Jabal Akhdar, Oman: Enjoy a luxury mountain stay during rose harvest
Everything is coming up roses in the buckled landscape of Jabal Akhdar. The terraces wrested from limestone are painted in stripes of pink. The breeze coursing through the mountains sets petals aflutter. The oil evaporating from the blooms bathes the valleys in its scent.
It's rose harvest time in the Arabian nation of Oman, a brief season in which the Al Hajar mountain range is transformed into a contradictory blend of supple and parched, delicate and serrated, colourful and wan. In springtime damask roses emerge implausibly from the stony landscape, speckling the terraces in flashes of pink.
It's a magical time in this precipitous realm, a brief period from around the end of March to the end of April when the secret to Omani's love affair with scent is illuminated by the buds sprouting from its mountainsides.
Located south of the country's capital, Muscat, the region is a hub for rose oil and rosewater production. Towering over this fragrant industry from its cliff-edge location is Alila Jabal Akhdar, an enchanted retreat that seems to capture all that rose essence as it floats heavenwards.
There's the spritz of rosewater and elderflower guests receive upon arrival, the rose petal baths in the rose oil-scented spa, the sparkling rose and the rosewater-infused martini – my personal favourite – sipped in the Rose Lounge as the setting sun inflames the valley with its rosy glow.
There are other scents, too: frankincense, the sap of which is used for perfume and medicine, olives and wild rosemary used in cosmetics and cooking. And the coffee, of course, poured in thick drafts everywhere I go. It's mid-morning now and I'm following guide Malik Al Amri through groves of pomegranate, apricot, myrtle and fig, balancing on the spring-fed irrigation channels, or aflaj.
We come to the walled rose garden in the village of Al Akar and cradle the few blooms left behind. The farmers have long gone, trailing home along the terraces to their houses, sacks of plump rose petals flung across their backs.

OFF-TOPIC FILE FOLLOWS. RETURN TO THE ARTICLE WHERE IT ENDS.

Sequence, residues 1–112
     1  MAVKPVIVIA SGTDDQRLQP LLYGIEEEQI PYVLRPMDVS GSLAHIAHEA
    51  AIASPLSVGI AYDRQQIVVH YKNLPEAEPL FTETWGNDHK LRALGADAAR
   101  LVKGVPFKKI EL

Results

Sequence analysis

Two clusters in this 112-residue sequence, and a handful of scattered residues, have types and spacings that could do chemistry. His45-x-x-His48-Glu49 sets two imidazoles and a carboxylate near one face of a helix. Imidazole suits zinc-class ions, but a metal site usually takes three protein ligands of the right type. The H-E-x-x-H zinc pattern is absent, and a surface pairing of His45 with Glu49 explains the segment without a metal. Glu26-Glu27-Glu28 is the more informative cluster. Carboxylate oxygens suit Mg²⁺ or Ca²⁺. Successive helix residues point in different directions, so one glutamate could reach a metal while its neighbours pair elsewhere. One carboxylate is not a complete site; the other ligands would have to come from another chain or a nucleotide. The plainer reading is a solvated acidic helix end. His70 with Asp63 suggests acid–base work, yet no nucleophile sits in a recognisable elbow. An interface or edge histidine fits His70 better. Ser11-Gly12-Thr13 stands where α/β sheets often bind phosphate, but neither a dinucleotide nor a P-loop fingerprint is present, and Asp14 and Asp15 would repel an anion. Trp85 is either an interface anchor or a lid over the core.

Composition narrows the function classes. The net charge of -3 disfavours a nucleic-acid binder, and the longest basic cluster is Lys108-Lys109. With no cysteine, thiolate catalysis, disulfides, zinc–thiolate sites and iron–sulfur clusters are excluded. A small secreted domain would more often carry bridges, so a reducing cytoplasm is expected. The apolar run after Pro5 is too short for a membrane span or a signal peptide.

"They must harvest before sunrise," explains Al Amri, "before the petals lose their perfume."
In an alcove off a village alleyway an old man offers us a bowl of dates and thimblefuls of the rosewater-spiked coffee so redolent of Omani hospitality. I taste in it the roses we've passed in the walled garden and detect in its steam the essence which is distilled in the smokehouses dotted around this village – tiny wattle-and-daub structures in which rose oil is extracted the traditional way (except for the use of gas instead of wood fire).
From up here we look down on the valley stepped with terraces and filled with lemony-green pomegranate groves and the pink flecks of now-withering rose petals left behind after this morning's pre-dawn harvest.
From such unlikely beginnings, I marvel, these floral offerings will go far: to the souk in Nizwa, where their dried petals will be sold in barrels. To households across Arabia, where they'll be steeped in water and sprayed onto temples to alleviate headaches, or added to dishes of halwa and pots of coffee. And, in the most prized journey of all, to Oman's royal perfumer, Amouage, in Muscat, where their essence will be alchemised into exquisite scents and shipped to the furthest corners of the world.
Rose harvest excursions can be booked through Alila Jabal Akhdar. Peregrine can tailor a tour of Oman to include the rose harvest. The Amouage perfumery in Muscat offers guided tours. See peregrineadventures.com; amouage.com
Catherine Marshall travelled as a guest of Oman Tourism.